It’s enough to make you store your files on flash drives and stuff them under the mattress. At least until our president decides to get involved in the internet mattress business.
When the Edward Snowden revelations exposed how US intelligence agencies were tapping cables outside the data centers of US companies, Silicon Valley was shocked. I explored this in a December 2014 WIRED story, “How the NSA Almost Killed the Internet”:
At an appearance at a tech conference last September, Facebook’s Zuckerberg expressed his disgust. “The government blew it,” he said. But the consequences of the government’s actions—and the spectacular leak that informed the world about it—was now plopped into the problem set of Zuckerberg, Page, Tim Cook, Marissa Mayer, Steve Ballmer, and anyone else who worked for or invested in a company that held customer data on its servers.
Not just revenue was at stake. So were ideals that have sustained the tech world since the Internet exploded from a Department of Defense project into an interconnected global web that spurred promises of a new era of comity. The Snowden leaks called into question the Internet’s role as a symbol of free speech and empowerment. If the net were seen as a means of widespread surveillance, the resulting paranoia might affect the way people used it. Nations outraged at US intelligence-gathering practices used the disclosures to justify a push to require data generated in their countries to remain there, where it could not easily be hoovered by American spies. Implementing such a scheme could balkanize the web, destroying its open essence and dramatically raising the cost of doing business.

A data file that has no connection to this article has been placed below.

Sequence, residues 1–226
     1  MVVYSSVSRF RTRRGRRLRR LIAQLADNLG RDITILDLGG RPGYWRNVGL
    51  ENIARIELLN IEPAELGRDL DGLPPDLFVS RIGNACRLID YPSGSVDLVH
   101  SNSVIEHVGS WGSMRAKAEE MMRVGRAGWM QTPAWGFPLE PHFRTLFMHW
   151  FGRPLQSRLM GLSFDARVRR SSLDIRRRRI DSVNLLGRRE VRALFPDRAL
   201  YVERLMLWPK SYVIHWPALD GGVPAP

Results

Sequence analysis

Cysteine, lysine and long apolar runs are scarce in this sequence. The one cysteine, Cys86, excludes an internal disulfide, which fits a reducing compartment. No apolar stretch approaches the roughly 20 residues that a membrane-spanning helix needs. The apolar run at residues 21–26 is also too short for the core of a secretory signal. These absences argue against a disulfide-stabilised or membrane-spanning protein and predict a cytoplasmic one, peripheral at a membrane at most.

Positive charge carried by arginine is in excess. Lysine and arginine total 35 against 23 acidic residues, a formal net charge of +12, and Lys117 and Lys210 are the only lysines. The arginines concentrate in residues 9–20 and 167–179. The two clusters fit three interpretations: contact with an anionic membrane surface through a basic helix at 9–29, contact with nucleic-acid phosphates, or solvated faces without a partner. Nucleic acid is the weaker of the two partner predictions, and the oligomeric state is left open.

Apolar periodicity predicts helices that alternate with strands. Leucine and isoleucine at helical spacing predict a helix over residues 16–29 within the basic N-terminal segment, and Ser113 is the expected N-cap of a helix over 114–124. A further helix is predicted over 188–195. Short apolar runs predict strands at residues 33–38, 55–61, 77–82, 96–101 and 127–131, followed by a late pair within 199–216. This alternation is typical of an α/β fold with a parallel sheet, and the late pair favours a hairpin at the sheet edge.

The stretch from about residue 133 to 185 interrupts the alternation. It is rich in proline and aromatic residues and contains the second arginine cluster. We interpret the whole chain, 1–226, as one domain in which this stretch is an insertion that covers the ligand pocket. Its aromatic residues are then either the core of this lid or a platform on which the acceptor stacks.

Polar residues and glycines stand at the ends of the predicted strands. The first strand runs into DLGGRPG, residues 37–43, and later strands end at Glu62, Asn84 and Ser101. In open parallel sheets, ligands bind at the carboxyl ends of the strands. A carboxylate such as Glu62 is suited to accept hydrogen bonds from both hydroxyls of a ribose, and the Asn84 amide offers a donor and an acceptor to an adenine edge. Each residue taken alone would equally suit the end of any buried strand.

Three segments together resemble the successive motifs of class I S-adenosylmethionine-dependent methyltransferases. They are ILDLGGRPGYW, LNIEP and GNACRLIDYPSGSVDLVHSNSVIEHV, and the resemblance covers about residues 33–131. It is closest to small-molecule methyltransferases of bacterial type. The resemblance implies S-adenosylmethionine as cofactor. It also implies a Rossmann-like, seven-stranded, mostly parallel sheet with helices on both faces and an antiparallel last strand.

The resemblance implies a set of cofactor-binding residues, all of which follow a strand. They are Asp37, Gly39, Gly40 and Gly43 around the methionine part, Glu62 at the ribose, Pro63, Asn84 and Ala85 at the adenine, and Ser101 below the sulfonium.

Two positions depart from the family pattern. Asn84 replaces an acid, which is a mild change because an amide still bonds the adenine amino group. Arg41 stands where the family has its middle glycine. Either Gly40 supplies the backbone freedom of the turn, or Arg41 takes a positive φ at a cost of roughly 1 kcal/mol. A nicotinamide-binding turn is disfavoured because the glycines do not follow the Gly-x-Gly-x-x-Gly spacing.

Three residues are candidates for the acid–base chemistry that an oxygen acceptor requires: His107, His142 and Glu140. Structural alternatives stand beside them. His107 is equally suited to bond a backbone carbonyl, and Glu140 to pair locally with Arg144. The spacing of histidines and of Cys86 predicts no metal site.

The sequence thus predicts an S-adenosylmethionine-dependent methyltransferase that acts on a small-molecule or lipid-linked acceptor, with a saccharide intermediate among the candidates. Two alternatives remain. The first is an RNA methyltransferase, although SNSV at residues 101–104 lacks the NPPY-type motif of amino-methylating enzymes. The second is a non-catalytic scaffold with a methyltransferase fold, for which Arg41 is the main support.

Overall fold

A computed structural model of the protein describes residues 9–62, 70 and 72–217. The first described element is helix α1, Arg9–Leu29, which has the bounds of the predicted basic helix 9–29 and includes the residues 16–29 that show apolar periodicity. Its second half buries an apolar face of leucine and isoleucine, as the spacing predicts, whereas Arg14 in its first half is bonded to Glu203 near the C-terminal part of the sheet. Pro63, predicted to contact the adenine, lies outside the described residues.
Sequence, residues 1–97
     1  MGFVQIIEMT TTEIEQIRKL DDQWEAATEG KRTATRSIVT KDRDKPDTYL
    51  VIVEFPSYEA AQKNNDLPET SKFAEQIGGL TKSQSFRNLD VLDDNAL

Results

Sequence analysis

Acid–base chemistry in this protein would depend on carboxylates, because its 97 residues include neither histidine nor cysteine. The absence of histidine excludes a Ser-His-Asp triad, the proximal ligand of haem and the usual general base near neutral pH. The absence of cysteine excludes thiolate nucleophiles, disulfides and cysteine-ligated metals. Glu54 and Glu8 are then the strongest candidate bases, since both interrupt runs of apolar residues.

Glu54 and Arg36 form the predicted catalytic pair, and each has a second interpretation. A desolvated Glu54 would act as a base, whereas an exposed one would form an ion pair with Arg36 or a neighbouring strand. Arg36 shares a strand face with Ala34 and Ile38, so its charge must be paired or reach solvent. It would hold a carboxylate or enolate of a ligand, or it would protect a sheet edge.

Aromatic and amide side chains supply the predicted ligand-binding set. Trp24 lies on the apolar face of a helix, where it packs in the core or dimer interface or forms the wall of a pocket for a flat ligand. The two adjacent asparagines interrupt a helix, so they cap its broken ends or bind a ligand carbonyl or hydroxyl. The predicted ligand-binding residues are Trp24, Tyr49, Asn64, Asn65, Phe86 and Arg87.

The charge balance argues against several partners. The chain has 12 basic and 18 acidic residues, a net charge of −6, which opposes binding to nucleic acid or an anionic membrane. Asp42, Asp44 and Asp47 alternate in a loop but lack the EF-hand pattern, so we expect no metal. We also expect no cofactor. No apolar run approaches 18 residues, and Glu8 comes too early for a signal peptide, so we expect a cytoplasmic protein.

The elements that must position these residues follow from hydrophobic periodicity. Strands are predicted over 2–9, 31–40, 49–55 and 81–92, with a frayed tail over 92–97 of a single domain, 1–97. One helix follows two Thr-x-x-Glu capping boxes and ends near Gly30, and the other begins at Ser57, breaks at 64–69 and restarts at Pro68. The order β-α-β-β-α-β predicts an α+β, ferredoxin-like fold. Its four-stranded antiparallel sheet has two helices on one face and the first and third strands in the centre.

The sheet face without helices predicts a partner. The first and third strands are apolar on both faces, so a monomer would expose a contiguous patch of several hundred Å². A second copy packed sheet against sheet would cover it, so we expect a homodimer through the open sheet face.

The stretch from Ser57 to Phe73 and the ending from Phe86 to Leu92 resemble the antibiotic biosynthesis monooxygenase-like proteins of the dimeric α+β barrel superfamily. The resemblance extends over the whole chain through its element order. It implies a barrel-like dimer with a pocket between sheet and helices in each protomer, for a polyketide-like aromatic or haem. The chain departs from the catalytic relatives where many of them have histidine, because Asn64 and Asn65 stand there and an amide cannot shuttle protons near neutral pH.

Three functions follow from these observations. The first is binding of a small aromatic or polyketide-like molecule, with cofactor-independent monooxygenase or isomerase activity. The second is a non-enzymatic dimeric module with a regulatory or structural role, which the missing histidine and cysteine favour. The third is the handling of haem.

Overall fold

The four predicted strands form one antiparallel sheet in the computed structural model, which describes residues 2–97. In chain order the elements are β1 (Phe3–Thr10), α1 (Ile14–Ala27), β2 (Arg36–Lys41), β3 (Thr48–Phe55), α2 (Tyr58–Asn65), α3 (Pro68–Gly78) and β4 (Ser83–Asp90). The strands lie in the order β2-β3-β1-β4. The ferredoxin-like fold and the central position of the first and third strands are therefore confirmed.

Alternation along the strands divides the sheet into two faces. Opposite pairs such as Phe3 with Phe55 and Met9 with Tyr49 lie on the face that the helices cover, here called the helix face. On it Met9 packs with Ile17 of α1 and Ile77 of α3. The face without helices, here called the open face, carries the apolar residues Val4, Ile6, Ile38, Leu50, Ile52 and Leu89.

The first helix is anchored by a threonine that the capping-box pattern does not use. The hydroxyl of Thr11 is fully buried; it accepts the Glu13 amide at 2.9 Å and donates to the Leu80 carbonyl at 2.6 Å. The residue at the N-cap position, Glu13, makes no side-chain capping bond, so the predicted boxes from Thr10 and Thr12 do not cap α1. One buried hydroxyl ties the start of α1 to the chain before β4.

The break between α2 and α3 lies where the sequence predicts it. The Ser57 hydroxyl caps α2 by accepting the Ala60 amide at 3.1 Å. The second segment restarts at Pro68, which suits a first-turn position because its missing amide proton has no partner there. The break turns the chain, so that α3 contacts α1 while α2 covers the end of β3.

Ask Me One Thing
Corey writes, “You said we are allowed to ask for anything. and I have many, many tech questions. But what I need the most is the press contact information to Bill and Melinda Gates.”
Corey, do I look like Google? But you are correct—I invite readers to ask me anything. So here’s the contact page for the Bill and Melinda Gates Foundation. Of particular interest to you will be the section about “media inquiries.” I do hope that either Bill or Melinda gives an interview to your TV station.
While we’re on the subject, let me take the chance to say that, in general, reporters aren’t the best conduit to the subjects they interview. It’s not like we hang out with our billionaire interviewees all the time, and late in our evenings with them, after we’ve drained the choicest bottles from their data-center-sized wine cellars, Bill or Jeff or Zuck will ask us, “Hey, did you get any emails recently from people who have come up with inventions that will make me more billions? Or a totally novel and foolproof idea for world peace?” I hope this clears up this apparently widely held misconception. And Corey, you are welcome to ask me those tech questions now.